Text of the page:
I got in my car and felt like crud, lower than dog poo on the bottom of your shoe. I had been putting in tons of hours at work, extra hours each evening and again on the weekend. For once, I was hoping to leave early, but it wasn’t in the cards, one fire cropped up and then another and another, and I had to stay working.
When I finally looked out the window, I saw the bright, afternoon sun had given way to a blackened sky and I had to get home for a late dinner and to say goodnight to my kids. Before I packed up my bag, I took one last look at my screen and my unopened emails. I saw that my copy editor had taken a look at the story that I had written for the company newsletter and had gotten back to me with a “few comments.”
I tried to stop myself, I tried to leave without looking, but my curious nature got the best of me. Of course, I had to see what a “few comments” meant. I opened the document and instantly pulled back, clutching my hands over my eyes, like I had been shot. When I submitted the piece to be reviewed, I knew it would need some touching up. I was juggling multiple assignments and had raced to put the story together. This wasn’t a few comments though. This was a total rewrite. The “tracked changes” version of the document was full of deletions, wordy add-ons, and snide red comments in the margin. The document looked like a colorful Christmas tree.
In the hands of a master
Now before I get too far, I need say that I love a great editor. No one is above being edited. I love how a caring editor can make a poorly constructed analogy sing; pair down an overly dramatic description so that the reader can see the story themselves, instead of sitting in on a boring lecture with some unseen narrator; or, quite simply, turn a strong sentence into a masterful one. A good editor is something to be cherished, to raise your hands up to God, and to say thank you. A good editor is inspirational and invigorating all at the same time. I’ve been fortunate over the years to work with more than my fair share of great editors and I pray that I get to work with a few more in the years ahead. (In fact, I love writing this blog. I love the freedom of writing whatever I want, but I’d kill for a great editor.)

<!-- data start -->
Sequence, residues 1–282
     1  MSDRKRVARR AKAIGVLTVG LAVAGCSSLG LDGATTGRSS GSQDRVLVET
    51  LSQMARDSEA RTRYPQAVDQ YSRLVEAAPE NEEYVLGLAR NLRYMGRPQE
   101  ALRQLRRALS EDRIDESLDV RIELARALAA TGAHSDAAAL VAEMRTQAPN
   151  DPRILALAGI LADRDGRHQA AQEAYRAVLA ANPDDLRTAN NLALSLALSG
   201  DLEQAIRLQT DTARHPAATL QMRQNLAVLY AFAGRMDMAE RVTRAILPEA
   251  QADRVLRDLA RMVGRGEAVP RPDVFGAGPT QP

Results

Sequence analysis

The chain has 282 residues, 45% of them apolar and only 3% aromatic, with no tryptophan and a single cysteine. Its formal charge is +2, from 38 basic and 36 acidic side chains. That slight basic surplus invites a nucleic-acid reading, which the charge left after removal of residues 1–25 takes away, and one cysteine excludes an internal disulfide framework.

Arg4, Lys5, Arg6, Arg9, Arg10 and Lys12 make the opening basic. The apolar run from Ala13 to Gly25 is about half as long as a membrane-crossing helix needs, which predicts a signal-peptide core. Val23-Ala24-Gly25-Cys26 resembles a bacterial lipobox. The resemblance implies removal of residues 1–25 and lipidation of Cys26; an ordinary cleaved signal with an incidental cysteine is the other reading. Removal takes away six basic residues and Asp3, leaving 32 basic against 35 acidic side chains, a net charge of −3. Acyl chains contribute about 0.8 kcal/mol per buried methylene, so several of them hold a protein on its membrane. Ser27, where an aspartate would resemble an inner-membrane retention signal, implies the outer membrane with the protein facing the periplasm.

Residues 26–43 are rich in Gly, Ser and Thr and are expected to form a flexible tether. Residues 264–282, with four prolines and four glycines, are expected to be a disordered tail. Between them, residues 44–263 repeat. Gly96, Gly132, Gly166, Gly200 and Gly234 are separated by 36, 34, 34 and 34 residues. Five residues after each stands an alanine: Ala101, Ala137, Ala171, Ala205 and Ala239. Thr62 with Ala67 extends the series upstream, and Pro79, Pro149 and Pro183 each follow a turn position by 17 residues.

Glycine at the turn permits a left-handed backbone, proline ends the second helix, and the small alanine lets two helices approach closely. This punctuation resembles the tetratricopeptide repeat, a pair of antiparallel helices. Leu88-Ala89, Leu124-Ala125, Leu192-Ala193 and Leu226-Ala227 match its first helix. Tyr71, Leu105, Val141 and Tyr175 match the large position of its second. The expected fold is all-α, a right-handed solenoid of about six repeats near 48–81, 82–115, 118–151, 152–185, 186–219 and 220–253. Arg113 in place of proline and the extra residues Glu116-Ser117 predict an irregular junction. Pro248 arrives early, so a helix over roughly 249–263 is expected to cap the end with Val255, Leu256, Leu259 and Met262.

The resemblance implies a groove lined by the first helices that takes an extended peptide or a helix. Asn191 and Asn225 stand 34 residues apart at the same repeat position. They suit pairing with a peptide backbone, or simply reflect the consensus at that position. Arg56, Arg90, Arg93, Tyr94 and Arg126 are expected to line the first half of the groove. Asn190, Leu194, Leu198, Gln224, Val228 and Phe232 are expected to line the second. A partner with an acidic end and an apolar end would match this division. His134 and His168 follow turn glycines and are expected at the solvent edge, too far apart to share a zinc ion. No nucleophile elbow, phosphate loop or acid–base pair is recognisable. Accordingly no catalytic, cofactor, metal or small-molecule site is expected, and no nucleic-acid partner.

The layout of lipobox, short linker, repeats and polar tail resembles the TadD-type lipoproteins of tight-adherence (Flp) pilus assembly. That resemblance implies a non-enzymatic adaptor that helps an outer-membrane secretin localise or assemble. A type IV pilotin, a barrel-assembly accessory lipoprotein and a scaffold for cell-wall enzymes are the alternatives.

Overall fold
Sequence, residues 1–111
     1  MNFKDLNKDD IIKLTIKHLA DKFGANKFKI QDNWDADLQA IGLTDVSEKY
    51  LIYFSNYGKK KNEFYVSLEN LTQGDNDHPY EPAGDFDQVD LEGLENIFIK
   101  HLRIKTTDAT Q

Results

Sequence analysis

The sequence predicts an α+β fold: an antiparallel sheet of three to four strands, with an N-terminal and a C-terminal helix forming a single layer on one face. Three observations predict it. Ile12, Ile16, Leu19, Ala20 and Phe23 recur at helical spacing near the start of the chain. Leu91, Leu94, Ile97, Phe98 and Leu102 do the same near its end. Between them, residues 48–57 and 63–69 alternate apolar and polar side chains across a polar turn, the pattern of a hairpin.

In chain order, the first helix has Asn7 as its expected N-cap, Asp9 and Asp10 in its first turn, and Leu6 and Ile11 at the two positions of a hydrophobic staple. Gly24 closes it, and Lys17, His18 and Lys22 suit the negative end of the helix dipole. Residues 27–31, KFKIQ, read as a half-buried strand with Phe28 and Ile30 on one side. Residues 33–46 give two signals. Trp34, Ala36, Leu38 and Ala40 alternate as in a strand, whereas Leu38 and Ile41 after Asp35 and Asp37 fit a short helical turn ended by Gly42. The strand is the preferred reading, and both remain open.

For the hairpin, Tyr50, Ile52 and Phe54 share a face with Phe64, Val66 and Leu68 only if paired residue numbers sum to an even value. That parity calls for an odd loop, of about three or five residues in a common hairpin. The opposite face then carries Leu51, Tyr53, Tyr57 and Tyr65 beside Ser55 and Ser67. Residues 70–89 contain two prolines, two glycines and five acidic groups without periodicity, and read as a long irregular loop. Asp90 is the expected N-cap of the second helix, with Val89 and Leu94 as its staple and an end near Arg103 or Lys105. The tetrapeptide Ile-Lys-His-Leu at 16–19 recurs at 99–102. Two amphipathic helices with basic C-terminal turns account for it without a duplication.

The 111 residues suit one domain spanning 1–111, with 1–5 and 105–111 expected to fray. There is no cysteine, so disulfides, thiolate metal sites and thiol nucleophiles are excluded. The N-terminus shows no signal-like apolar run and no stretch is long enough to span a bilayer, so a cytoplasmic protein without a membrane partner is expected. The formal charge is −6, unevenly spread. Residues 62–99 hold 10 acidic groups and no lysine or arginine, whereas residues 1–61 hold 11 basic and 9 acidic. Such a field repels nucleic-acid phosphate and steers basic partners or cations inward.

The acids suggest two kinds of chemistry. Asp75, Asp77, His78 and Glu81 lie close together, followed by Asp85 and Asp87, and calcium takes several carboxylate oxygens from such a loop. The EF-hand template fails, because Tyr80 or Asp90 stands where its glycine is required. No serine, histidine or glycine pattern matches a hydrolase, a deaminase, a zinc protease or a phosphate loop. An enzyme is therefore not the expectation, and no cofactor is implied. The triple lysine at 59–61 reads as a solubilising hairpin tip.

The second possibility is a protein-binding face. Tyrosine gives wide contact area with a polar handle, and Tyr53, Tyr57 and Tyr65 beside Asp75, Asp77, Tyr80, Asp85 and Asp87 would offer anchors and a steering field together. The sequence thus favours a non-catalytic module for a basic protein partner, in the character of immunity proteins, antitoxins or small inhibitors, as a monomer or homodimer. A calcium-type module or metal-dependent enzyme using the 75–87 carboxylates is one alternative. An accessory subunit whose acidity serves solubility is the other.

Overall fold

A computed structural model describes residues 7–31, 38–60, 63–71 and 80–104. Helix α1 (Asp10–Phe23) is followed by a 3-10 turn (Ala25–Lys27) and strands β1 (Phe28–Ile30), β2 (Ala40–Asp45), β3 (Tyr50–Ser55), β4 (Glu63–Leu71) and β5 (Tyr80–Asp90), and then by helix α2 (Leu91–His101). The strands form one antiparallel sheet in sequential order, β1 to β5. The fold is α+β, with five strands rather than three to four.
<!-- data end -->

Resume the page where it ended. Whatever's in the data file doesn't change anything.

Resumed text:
Of course, bad editors exist too. They stumble their way through a review, hacking away at a piece with a machete when a kid’s small pocketknife will do, erroneously changing “affect” to “effect,” raising questions that have little bearing on the story, and can be, downright, soul crushing.
Unfortunately, the world is full of both types of editors. If you’re lucky, you’ll find a great editor and never look back. If you’re not so lucky. well, hang in there and pray for mercy.
Taking a risk
In this particular instance, I took one more look at the editor’s comments and closed the email. I would look at it in the morning with a fresher perspective. I walked to my car defeated and drove home in a state of controlled anger. I was upset, but I saw so little of my family that I didn’t want to bring my work frustrations home to them.